Agreed, but do you think that even Canada gives you not enough choice? I personally think Iggy is rather sympathetic, and even though I'm not in his camp by any standards, I'd vote for Angry Jack just cause of the way the guy brightens up my day watching the news.

    Back in my home country we have between 13 and 17 parties in the national elections - and even then, it's just different tentacles of the same octopus fighting over whatever cookie is on the table.

    Having said that, yea, the US is far far away from being a functional democracy, but it seems that people don't care. It really doesn't take a rocket scientist to see what's wrong down there, yet still everybody is sooo focused on the R vs. D thing. Or can only Americans be so inward focused that they don't realize that they're the odd man out in the whole democratic world, while the rest of us throw our hands up in the air and wonder how they can be so dysfunctional?
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    Oct 19, 2010 11:30 PM GMT
    Fountains saidI only vote with a brick.

    I only consider a democracy a system where I actually get to influence what's being done. Going to the polls is nice and stuff, but I'd very much prefer to be in a position where I can influence legislation than just choosing someone to make my decisions for me. Of course this is too complex to do on a massive scale, so bring governance down to the local level and bollocks to the nation state!



    Not necessarily: http://en.wikipedia.org/wiki/Voting_in_Switzerland
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    Oct 19, 2010 11:33 PM GMT
    Fountains saidI only vote with a brick.

    I only consider a democracy a system where I actually get to influence what's being done. Going to the polls is nice and stuff, but I'd very much prefer to be in a position where I can influence legislation than just choosing someone to make my decisions for me. Of course this is too complex to do on a massive scale, so bring governance down to the local level and bollocks to the nation state!


    Agreed.
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    Oct 19, 2010 11:44 PM GMT
    Tazo995 said
    Fountains saidI only vote with a brick.

    I only consider a democracy a system where I actually get to influence what's being done. Going to the polls is nice and stuff, but I'd very much prefer to be in a position where I can influence legislation than just choosing someone to make my decisions for me. Of course this is too complex to do on a massive scale, so bring governance down to the local level and bollocks to the nation state!



    Not necessarily: http://en.wikipedia.org/wiki/Voting_in_Switzerland


    I hate disagreeing with cute boys, but Switzerland can work that way because it's population is only slightly bigger than the greater Toronto area. Regardless, I think the nation state is a stupid idea to begin with and it's history is rooted in the elites of a society seeking to consolidate power and effectively control capital. The idea that I have more to do with someone from Vancouver than someone in Buffalo, NY simply by virtue of the person from Vancouver being a Canadian and the other being an American is nonsense.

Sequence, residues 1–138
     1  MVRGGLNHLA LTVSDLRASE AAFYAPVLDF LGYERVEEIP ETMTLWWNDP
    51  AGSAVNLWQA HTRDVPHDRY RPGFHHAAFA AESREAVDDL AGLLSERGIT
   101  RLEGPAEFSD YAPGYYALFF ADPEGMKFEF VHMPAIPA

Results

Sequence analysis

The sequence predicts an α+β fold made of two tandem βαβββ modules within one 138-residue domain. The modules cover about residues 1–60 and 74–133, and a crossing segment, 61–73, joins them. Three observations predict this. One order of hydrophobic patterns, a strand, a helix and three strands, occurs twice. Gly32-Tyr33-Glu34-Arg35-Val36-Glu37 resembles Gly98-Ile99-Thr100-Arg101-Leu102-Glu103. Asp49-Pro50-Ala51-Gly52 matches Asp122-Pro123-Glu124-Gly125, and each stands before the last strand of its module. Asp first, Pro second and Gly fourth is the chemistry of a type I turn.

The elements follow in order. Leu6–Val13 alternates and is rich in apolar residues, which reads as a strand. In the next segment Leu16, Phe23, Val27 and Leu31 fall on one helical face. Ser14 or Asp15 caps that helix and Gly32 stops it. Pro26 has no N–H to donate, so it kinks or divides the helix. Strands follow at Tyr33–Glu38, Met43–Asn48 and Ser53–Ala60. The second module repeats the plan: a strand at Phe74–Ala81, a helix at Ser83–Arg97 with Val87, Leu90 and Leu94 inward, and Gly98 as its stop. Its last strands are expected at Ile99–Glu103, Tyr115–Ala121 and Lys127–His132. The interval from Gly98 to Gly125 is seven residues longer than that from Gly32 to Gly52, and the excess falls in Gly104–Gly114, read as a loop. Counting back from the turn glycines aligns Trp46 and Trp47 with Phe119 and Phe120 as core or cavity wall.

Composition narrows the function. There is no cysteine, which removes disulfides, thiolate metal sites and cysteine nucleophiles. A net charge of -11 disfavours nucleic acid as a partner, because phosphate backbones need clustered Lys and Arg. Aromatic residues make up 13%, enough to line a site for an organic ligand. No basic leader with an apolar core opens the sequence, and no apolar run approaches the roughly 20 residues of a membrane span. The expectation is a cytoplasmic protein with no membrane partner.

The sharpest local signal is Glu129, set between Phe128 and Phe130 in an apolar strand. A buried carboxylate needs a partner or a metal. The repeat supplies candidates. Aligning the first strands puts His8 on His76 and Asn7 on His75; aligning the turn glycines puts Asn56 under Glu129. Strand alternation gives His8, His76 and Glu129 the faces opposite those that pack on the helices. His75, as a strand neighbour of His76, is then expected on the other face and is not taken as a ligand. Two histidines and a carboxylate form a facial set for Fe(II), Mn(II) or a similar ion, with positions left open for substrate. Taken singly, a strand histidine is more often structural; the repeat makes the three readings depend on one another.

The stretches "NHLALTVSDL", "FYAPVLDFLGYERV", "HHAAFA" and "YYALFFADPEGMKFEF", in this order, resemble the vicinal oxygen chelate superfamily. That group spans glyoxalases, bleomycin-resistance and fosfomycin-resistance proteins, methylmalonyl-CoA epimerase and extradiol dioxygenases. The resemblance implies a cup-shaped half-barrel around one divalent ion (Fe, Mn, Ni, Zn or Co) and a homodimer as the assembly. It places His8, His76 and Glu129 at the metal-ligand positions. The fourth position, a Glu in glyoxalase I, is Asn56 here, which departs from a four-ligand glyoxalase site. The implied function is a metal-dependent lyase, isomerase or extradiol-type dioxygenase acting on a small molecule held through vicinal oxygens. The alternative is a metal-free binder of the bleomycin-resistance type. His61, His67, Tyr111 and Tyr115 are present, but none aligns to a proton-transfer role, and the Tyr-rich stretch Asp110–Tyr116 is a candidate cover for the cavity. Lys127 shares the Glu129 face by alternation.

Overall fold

Also, Re: social services.

    My answer: Cut the police, cut military spending, fire the CEOs/bosses, dissolve all corporations, and let people organize for themselves. Let's cut gov't spending by making it irrelevant to human needs.

    /end anarchist tirade.
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    Oct 19, 2010 11:46 PM GMT
    Fountains said
    Tazo995 said
    Fountains saidI only vote with a brick.

    I only consider a democracy a system where I actually get to influence what's being done. Going to the polls is nice and stuff, but I'd very much prefer to be in a position where I can influence legislation than just choosing someone to make my decisions for me. Of course this is too complex to do on a massive scale, so bring governance down to the local level and bollocks to the nation state!



    Not necessarily: http://en.wikipedia.org/wiki/Voting_in_Switzerland


    I hate disagreeing with cute boys, but Switzerland can work that way because it's population is only slightly bigger than the greater Toronto area. Regardless, I think the nation state is a stupid idea to begin with and it's history is rooted in the elites of a society seeking to consolidate power and effectively control capital. The idea that I have more to do with someone from Vancouver than someone in Buffalo, NY simply by virtue of the person from Vancouver being a Canadian and the other being an American is nonsense.

    Also, Re: social services.

    My answer: Cut the police, cut military spending, fire the CEOs/bosses, dissolve all corporations, and let people organize for themselves. Let's cut gov't spending by making it irrelevant to human needs.

    /end anarchist tirade.


    A man after my own heart.
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    Oct 19, 2010 11:48 PM GMT
    Let's get our asses out there and vote!